It is impossible to speak about African art without including ancient Egyptian classical art. The first instances of Egyptian art date back all the way to the 6th millennium BC and span until the 4th century CE. Ancient Egyptian art includes various art forms, from rock drawings and ceramics to sculptures of stone and ivory, to drawing on papyrus, jewelry faience, and architecture.
There are many significant examples of the brilliance of the art of this ancient civilization, however, in this article, we will just touch on the incredible ornaments found in the tomb of Tutankhamun.
Tutankhamun (born c. 1342 BC), known as the “boy king”, passed away at the young age of about 19 and ruled Ancient Egypt for approximately ten years. While there wasn’t much of great significance that transpired during his rule, his tomb and the magnificent ornaments found inside it, made him famous in the history books. The ornaments are considered masterpieces of ancient Egypt and were placed in his tomb to accompany the young Pharaoh into the afterlife.
A scene from the tomb of Tutankhamun; Solomon Witts, Public domain, via Wikimedia Commons
There were many fascinating objects in the boy king’s tomb, including a wooden container that is believed to have held a mummified duck, several boomerangs that were believed to be used to catch birds, a musical instrument called a sistrum, and a senet board, which was a popular game played for entertainment in ancient Egypt.
Other objects include a meticulously detailed wooden carved shield that is sent with the Pharaoh for protection. The wooden shield had many negative spaces carved into it, showing that it was not used for battle, but rather for ceremonies.
The shield depicts the Pharaoh as a sphinx, standing on top of his enemies. On top of the sphinx sits a falcon, which is believed to be Montu, the god of war.
There were also beautiful pieces of jewelry found in the tomb, including a piece of a scarab beetle. The beetle was made from lapis lazuli, a valuable stone with intense blue color. Another piece of elaborate jewelry found in the tomb is a large golden falcon to be worn on the chest.
The famous crook and flail were found inside of the mummy wrapping of the Pharaoh and are incredible pieces of art. These pieces were made of gold, silver, and colored glass. They were essential symbols of power and royalty in ancient Egypt.
Ethiopia is home to some of the oldest and most impressive churches in the world. Among these are the incredible rock-hewn churches of Lalibela. One of these churches is the famous Saint George church.
The church of Saint George is an incredible structure that was carved out for over 600 years into the pink volcanic rock of the Ethiopian Lasta mountains.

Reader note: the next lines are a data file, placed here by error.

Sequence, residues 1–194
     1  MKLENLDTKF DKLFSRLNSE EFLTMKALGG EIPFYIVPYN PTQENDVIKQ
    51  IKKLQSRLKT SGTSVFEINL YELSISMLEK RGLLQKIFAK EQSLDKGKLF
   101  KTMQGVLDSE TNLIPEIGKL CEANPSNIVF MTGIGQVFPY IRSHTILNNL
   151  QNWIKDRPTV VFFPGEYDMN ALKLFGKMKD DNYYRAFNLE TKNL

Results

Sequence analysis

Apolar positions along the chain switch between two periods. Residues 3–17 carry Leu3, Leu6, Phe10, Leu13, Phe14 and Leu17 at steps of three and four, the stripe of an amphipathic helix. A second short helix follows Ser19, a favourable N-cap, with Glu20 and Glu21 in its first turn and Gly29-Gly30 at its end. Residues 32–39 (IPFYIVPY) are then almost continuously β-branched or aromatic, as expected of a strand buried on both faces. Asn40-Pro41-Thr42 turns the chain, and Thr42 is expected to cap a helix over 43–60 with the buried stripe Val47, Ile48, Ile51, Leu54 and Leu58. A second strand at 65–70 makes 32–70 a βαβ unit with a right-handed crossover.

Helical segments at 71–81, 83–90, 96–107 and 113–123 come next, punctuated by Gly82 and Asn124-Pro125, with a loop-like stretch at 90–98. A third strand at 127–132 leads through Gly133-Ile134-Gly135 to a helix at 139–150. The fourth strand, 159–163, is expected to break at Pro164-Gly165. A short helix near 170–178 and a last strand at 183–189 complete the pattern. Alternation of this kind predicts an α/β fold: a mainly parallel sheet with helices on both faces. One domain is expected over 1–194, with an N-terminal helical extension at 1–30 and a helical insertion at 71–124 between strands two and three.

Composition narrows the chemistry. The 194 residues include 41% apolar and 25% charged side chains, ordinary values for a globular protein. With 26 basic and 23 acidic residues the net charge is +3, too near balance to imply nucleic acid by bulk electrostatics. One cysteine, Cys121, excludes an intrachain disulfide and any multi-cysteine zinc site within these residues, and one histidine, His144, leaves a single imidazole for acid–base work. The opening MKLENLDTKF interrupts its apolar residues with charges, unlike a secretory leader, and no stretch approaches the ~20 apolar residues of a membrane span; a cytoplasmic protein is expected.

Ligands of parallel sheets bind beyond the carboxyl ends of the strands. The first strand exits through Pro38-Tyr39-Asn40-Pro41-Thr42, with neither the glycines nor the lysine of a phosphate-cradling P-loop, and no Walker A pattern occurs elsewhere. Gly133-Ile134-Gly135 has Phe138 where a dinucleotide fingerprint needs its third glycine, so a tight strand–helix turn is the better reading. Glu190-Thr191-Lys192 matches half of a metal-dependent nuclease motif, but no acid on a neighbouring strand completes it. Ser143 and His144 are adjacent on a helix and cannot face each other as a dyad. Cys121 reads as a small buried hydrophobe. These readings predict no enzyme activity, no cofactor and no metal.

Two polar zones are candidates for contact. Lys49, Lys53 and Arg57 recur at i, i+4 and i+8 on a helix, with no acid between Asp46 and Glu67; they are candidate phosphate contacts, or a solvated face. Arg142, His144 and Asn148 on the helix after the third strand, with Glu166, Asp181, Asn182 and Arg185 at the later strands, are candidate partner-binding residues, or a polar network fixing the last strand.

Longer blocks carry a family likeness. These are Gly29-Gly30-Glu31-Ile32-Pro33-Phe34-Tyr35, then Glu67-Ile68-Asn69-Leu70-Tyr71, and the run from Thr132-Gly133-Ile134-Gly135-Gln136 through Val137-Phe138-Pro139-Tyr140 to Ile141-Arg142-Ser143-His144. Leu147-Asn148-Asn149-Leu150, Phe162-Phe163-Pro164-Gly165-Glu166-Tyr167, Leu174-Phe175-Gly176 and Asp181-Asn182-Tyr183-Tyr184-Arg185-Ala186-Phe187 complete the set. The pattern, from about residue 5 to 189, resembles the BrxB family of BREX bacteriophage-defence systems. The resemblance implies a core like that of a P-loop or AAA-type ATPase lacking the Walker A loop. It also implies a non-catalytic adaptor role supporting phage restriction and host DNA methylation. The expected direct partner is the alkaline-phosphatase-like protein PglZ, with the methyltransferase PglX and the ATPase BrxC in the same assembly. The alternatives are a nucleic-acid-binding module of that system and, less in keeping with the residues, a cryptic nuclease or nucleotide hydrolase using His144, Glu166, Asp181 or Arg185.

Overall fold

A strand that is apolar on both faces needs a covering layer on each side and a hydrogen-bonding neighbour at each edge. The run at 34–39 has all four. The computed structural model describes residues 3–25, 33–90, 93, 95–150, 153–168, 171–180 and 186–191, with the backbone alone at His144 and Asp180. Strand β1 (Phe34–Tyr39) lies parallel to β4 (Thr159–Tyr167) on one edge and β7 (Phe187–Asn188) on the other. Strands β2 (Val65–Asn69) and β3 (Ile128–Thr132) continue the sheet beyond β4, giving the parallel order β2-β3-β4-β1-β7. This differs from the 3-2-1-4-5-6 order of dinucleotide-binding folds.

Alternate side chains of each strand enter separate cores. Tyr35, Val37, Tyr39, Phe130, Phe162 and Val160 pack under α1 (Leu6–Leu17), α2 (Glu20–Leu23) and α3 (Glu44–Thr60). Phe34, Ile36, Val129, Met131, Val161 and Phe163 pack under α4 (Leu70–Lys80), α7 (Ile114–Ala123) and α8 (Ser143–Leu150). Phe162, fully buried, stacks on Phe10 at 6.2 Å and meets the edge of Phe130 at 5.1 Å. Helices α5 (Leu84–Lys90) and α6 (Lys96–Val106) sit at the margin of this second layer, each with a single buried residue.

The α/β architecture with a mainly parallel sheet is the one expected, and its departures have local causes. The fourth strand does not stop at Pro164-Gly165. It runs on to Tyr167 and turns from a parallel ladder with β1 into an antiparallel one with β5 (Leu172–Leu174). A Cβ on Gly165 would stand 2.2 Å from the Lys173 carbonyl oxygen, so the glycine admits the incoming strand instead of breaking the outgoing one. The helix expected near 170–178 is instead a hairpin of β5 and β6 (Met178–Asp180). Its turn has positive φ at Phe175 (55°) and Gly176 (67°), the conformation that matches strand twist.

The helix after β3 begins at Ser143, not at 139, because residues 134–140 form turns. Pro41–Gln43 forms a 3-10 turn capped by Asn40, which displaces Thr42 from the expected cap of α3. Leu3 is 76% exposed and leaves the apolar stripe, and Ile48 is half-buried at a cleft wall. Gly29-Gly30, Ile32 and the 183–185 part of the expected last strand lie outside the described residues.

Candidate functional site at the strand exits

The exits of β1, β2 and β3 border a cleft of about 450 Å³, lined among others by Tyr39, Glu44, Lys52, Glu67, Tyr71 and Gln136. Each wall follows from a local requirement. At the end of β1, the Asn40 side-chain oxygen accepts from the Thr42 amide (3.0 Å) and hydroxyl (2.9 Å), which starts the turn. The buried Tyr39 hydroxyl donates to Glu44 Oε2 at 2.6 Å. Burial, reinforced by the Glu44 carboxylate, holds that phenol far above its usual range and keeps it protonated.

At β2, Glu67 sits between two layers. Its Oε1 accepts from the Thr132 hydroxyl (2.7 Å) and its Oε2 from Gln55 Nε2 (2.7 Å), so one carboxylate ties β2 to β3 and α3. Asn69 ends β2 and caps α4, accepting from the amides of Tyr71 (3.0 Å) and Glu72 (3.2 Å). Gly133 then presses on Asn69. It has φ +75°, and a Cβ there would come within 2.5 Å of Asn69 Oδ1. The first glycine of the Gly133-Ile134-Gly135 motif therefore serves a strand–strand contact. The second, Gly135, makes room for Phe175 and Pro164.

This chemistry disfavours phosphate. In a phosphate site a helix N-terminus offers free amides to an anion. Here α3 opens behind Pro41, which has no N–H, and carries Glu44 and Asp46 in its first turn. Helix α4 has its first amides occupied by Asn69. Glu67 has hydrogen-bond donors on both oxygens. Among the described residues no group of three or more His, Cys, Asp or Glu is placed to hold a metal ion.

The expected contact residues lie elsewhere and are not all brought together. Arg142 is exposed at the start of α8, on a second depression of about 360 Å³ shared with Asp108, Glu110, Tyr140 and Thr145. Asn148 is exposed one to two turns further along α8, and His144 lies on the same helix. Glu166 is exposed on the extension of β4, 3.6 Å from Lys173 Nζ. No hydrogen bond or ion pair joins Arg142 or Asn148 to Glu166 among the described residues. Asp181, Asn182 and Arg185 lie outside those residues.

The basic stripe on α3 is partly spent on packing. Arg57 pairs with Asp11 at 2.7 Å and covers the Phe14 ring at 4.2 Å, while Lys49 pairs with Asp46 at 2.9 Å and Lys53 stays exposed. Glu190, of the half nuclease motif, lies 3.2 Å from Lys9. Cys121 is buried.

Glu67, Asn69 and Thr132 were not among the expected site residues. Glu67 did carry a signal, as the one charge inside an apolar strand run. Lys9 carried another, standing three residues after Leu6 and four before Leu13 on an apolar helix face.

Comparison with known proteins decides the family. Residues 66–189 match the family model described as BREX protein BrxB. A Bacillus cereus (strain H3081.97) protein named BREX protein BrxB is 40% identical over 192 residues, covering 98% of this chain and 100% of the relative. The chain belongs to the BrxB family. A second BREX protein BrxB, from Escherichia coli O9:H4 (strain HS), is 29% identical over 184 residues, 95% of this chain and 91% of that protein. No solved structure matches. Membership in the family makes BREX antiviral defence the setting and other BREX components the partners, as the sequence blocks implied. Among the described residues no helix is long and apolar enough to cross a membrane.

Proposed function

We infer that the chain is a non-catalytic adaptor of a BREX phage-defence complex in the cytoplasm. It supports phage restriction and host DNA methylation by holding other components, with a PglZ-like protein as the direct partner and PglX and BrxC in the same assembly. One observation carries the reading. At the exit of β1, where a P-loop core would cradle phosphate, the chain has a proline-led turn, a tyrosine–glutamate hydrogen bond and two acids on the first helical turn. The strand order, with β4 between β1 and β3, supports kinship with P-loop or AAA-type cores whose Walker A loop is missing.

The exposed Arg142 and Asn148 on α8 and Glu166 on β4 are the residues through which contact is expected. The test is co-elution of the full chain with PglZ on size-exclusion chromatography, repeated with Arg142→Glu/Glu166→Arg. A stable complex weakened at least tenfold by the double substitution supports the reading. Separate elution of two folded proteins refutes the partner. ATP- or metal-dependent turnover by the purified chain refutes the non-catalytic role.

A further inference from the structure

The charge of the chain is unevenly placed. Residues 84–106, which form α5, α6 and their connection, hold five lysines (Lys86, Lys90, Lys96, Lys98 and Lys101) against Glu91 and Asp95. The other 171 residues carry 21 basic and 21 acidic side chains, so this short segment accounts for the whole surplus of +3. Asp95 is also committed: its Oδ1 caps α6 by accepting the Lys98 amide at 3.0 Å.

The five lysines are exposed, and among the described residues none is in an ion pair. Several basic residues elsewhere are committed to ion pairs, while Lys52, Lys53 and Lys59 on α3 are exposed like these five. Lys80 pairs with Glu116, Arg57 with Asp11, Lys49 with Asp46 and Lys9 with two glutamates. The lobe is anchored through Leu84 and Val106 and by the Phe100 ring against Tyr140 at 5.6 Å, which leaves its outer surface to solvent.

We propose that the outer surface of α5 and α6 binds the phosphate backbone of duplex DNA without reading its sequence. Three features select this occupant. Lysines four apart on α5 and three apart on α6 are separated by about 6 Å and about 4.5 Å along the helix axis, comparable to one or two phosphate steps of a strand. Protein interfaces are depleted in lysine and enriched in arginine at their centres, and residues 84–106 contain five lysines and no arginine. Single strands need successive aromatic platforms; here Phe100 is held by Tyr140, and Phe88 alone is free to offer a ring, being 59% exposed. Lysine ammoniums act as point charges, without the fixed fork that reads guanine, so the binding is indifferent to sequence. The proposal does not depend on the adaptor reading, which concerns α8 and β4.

The massive structures of these Ethiopian churches are masterpieces of religious art. The insides of these churches, covered with colorful murals and relief portraits of saints, are even further testament to the mastery of ancient Ethiopian art.
What was Great Zimbabwe, the capital of the Kingdom of Zimbabwe, is today mostly identified in ruins on the vast Zimbabwean plateaus. The ruins consist of complex and massive stone walls that were commonly referred to as the Great Enclosure. The construction of Great Zimbabwe, driven by the Bantu culture, expanded over 300 years, starting in the 11th century CE.
The Bantu people were known for their beautifully crafted jewelry, but little is left to see of this today. The city was destroyed in the 1890s when European colonists attacked its borders. Of the very little that remained of this great city, is a series of eight birds carved out of soapstone.
Archeologists are unsure what the purpose of the sculptures was, given the little context that is left to work with, but the birds became famous regardless. These birds are just under 40 centimeters in height and a representation of one of them is seen on the Zimbabwean flag.
Carvings of soapstone birds from Great Zimbabwe; James Theodore Bent, Public domain, via Wikimedia Commons
From Ancient to Contemporary
The incredibly high quality of modern and contemporary art that is being produced on the African continent today, has captured the eyes of the world. In Africa, art has never been static, and neither are African artists today. Curators and collectors have fixed their gaze firmly onto Africa, with the urgency, creativity, and dynamism of African artists keeping them captivated.
Contemporary African art cannot truly be classified as it is fluid and ever-evolving. When we speak of Contemporary African Artists, we generally speak of artists who grew up around the 1960s and later.
Cave painting created by the San people in the Cederberg Cave near Stadsaal, South Africa; Valroe at English Wikipedia, Public domain, via Wikimedia Commons
Contemporary art simply means the art of the contemporary (now) times and could generally include artworks created post-1970. In Africa, Artists growing up between the 1960s and 1980s, grew up during times of rapid change and development, and this is often reflected in theirs.